“But the FBI has so far found no evidence that he or people directly around him were involved in organizing the violence, according to … four current and former law enforcement officials,” Reuters reported in August 2021.
Riot Participant: January 6 a Protest that Got Out of Hand
A January 6 riot participant who spoke under the condition of anonymity under advice the of legal counsel told 19FortyFive on background that the riot ensued in the heat of the moment.
He also said he was not part of an organized effort. He also did not recall seeing agitators egging on the participants.
The question at hand is whether Trump aided and abetted an “insurrection,” not if he incited one.
“… [E]ven the view that it was an ‘insurrection’ is by no means a consensus. Polls have shown that most of the public view Jan. 6 for what it was: a protest that became a riot,” George Washington University Law Professor Jonathan Turley wrote in an August 2023 column. “One year after the riot, CBS News mostly downplayed and ignored the result of its own poll showing that 76 percent viewed it for what it was, as a ‘protest gone too far.’ The view that it was an actual ‘insurrection’ was far less settled, with almost half rejecting the claim, a division breaking along partisan lines.”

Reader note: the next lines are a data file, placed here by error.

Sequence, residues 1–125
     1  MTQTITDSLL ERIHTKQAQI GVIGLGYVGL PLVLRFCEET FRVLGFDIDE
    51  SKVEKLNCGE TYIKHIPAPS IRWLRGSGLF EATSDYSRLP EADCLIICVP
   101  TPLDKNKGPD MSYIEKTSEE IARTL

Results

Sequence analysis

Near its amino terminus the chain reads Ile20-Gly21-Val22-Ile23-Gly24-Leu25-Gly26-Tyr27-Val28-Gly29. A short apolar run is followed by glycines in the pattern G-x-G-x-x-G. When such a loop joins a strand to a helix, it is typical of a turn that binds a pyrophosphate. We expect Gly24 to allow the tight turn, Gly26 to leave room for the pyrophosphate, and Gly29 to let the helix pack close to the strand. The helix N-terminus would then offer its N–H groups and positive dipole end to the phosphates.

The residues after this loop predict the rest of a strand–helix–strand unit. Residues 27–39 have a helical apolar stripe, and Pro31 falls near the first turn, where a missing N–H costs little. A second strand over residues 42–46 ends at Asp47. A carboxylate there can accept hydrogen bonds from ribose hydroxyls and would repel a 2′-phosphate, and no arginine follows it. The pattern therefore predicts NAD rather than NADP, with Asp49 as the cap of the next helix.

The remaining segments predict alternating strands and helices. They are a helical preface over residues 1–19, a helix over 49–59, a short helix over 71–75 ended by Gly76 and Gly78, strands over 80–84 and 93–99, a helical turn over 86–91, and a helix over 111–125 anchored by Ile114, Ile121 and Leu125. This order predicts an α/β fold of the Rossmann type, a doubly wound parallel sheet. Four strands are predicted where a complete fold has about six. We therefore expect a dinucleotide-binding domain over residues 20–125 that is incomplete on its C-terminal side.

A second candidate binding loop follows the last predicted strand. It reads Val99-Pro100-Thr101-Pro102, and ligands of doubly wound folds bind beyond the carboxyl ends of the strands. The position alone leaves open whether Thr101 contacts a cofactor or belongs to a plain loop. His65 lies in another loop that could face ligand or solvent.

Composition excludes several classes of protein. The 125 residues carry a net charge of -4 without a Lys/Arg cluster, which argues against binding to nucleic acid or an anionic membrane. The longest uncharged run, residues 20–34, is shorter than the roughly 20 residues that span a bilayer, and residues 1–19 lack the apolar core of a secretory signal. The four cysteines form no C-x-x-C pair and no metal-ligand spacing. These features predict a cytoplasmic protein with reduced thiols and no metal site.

January 6 protest organizer Amy Kremer, a former leader of the Tea Party movement, testified that the demonstration began with “patriotic, freedom-loving citizens” who were “joyful, singing and dancing,” after Trump finished his speech.
Colorado Rep. Ken Buck questioned the credibility of the partisan congressional January 6 Committee and its report, which he says undergirds the effort to disqualify him from the ballot.
Proving that Trump aided and abetted an “insurrection” comes down to proving intent, and thus far, no evidence has been presented to establish that as a fact of law.
“The theory that this was a rebellion or insurrection has always been highly contested,” Turley wrote. “Sulking in the Oval Office does not make Trump a seditionist. Indeed, despite formal articles of the second impeachment and years of experts insisting that Trump was guilty of incitement and insurrection, Special Counsel Jack Smith notably did not charge him with any such crime.”
Turley continued, “The reason is obvious. The evidence and constitutional standards would not have supported a charge of incitement or insurrection.”
John Rossomando is a defense and counterterrorism analyst and served as Senior Analyst for Counterterrorism at The Investigative Project on Terrorism for eight years. His work has been featured in numerous publications such as The American Thinker, The National Interest, National Review Online, Daily Wire, Red Alert Politics, CNSNews.com, The Daily Caller, Human Events, Newsmax, The American Spectator, TownHall.com, and Crisis Magazine. He also served as senior managing editor of The Bulletin, a 100,000-circulation daily newspaper in Philadelphia, and received the Pennsylvania Associated Press Managing Editors first-place award for his reporting. He writes opinion pieces, like this one, for 19FortyFive.